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Banking Cartel, Fraud, and Antitrust - Where is the Enforcement Action?


 -- Published: Tuesday, 17 November 2015 | Print  | Disqus 

At some point, certainly, the concept cannot be lost on law enforcement officials that the banking cartel selling massive paper futures, naked or not, are perhaps violating the law.  I say this somewhat in jest, because also at this point, there is clear evidence of the banking cartel taking massive, concentrated, short positions on the Comex, something the CFTC could, but won’t, do anything about.  

Is the banking cartel engaged in fraud by selling naked shorts?  The simple answer is not likely.  

One way to look at the shenanigans on the Comex are through the prism of lawyers’ eyes, using state common law, such as fraud, deceit and misrepresentation.  On the surface, it seems that the cartel banks engage in fraud on a daily basis, as they naked short the metals, causing massive price declines, which they then close out for huge profits at the bottom, only to do it again and again at opportune times like when the FOMC minutes are front run and the cartel banks make guaranteed profits.  This is unfair, particularly to the longs that unwittingly buy the cartel’s paper, only to watch waterfall declines and stop runs, wiping out the pitiful longs, time and time again.

In the law there are several types of fraud.  

In California, “fraud” and “deceit” are defined in California Civil Code sections 1572, 1709, and 1710.  Civil Code section 1709 defines “deceit” generally as, “One who willfully deceives another with intent to induce him to alter his position to his injury or risk, is liable for any damage which he thereby suffers.” Civil Code section 1710 specifies four kinds of deceit:

“A deceit, within the meaning of [section 1709], is either:

The suggestion, as a fact, of that which is not true, by one who does not believe it to be true [intentional misrepresentation of fact];

The assertion, as a fact, of that which is not true, by one who has no reasonable ground for believing it to be true [negligent misrepresentation of fact];

The suppression of a fact, by one who is bound to disclose it, or who gives information of other facts which are likely to mislead for want of communication of that fact [concealment or suppression of fact]; or,

A promise, made without any intention of performing it [promissory fraud].”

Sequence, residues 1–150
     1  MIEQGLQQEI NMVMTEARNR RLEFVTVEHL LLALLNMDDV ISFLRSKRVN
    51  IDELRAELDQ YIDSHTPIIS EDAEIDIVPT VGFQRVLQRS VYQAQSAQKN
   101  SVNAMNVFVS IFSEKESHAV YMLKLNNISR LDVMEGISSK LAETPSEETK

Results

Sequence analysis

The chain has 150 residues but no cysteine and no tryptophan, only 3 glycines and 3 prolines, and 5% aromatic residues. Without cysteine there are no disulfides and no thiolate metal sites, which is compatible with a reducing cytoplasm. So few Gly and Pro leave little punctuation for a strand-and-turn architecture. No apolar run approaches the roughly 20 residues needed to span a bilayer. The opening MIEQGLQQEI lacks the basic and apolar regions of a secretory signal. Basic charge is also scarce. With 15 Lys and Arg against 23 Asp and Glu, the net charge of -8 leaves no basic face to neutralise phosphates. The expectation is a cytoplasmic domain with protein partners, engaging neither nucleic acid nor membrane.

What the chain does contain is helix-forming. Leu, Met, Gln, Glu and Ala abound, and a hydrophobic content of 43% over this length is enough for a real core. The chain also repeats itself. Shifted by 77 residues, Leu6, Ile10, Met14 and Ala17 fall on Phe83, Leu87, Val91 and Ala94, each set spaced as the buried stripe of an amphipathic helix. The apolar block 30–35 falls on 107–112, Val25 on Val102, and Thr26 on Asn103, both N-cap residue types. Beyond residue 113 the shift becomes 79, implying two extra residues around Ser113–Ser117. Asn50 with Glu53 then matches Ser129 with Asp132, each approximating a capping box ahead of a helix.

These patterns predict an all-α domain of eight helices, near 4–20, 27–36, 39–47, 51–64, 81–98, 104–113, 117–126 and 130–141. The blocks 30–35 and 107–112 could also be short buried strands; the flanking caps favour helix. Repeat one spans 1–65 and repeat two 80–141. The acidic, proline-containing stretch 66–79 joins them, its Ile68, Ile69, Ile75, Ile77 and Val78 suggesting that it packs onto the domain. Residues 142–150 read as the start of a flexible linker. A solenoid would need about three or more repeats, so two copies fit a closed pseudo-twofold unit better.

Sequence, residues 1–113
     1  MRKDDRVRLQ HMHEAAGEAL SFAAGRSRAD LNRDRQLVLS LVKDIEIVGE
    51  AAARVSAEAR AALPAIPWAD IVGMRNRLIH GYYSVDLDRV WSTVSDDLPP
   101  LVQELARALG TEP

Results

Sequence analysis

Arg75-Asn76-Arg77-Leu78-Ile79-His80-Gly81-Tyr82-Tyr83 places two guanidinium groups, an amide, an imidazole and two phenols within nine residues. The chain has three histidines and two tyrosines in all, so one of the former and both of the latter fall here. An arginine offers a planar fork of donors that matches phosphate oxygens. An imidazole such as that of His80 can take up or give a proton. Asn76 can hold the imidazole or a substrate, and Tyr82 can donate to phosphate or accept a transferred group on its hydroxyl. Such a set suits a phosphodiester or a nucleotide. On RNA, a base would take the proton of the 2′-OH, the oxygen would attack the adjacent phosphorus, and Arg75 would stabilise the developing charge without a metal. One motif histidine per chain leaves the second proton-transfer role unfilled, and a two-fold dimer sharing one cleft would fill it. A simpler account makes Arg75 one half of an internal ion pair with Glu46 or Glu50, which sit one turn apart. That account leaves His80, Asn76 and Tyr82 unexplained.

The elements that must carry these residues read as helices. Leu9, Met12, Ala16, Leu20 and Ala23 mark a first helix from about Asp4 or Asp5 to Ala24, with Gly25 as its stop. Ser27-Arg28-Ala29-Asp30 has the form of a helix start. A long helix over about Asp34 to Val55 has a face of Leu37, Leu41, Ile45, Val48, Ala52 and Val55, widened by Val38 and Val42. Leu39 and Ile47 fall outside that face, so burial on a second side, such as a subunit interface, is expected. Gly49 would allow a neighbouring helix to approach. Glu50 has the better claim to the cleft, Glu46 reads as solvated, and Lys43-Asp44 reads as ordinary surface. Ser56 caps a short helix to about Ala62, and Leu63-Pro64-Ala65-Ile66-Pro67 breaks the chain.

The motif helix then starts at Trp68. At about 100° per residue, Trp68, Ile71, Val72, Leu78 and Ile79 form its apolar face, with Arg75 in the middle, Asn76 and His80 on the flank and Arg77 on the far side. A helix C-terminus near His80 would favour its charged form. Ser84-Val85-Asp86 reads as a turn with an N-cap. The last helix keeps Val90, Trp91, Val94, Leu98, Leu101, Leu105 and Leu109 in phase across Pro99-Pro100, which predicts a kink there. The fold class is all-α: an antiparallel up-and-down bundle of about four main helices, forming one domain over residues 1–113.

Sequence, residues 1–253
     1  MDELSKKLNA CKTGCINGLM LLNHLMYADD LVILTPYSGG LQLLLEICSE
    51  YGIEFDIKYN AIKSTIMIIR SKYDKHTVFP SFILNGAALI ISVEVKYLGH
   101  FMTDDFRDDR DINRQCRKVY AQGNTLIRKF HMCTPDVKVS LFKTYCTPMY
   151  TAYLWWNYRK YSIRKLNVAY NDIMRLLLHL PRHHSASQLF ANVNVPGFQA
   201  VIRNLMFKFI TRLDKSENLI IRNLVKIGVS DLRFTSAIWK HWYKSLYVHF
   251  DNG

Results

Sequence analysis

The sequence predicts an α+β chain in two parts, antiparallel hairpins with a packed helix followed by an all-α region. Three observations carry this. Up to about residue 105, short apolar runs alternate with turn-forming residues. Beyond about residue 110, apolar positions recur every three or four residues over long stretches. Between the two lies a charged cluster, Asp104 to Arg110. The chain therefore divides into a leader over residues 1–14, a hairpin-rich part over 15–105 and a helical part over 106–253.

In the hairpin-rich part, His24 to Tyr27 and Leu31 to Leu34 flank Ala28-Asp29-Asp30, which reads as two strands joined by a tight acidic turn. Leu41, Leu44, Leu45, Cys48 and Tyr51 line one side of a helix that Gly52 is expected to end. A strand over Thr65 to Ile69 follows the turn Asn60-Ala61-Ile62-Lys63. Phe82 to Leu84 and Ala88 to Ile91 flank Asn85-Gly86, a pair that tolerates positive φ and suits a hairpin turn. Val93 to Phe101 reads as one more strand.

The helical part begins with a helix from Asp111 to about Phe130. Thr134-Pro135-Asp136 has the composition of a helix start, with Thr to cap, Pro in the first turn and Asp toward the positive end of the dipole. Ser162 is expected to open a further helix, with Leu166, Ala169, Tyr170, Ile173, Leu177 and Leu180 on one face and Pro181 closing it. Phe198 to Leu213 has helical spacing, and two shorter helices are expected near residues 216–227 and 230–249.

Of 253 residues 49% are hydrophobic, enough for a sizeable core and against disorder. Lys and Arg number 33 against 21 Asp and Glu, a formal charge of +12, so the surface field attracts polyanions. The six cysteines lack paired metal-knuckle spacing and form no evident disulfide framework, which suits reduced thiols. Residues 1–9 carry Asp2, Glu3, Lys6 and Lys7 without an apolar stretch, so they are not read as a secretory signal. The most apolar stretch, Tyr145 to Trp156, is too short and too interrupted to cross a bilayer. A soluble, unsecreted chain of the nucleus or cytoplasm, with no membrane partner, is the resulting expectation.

Subsection 2 of section 1710 covers negligent misrepresentations, whereas subsections 1, 3 and 4 cover intentional misrepresentations.

The tort of deceit or fraud requires: “(a) misrepresentation (false representation, concealment, or nondisclosure); (b) knowledge of falsity (or ‘scienter’); (c) intent to defraud, i.e., to induce reliance; (d) justifiable reliance; and (e) resulting damage.” (Engalla v. Permanente Medical Group, Inc. (1997) 15 Cal.4th 951, 974; see also Molko v. Holy Spirit Ass’n (1988) 46 Cal.3d 1092, 1108.  Sometimes the tort of fraud or deceit is stated with four elements instead of five: (1) a knowingly false representation by the defendant; (2) an intent to deceive or induce reliance; (3) justifiable reliance by the plaintiff; and (4) resulting damages. See Service by Medallion, Inc. v. Clorox Co., (1996) 44 Cal.App.4th 1807, 1816.

A representation must ordinarily be an affirmation of fact, as opposed to an opinion. Under the Restatement Second of Torts section 538A, a representation is an opinion “if it expresses only (a) the belief of the maker, without certainty, as to the existence of a fact; or (b) his judgment as to quality, value, authenticity, or other matters of judgment.” Mere “puffing,” or sales talk, is generally considered opinion, unless it involves a representation of product safety. Hauter v. Zogarts (1975) 14 Cal.3d 104, 112.

“A misrepresentation need not be oral; it may be implied by conduct.” Thrifty-Tel, Inc. v. Bezenek (1996) 46 Cal.App.4th 1559, 1567. Moreover, false representations made recklessly and without regard for their truth in order to induce action by another are the equivalent of misrepresentations knowingly and intentionally uttered. Yellow Creek Logging Corp. v. Dare (1963) 216 Cal.App.2d 50, 55.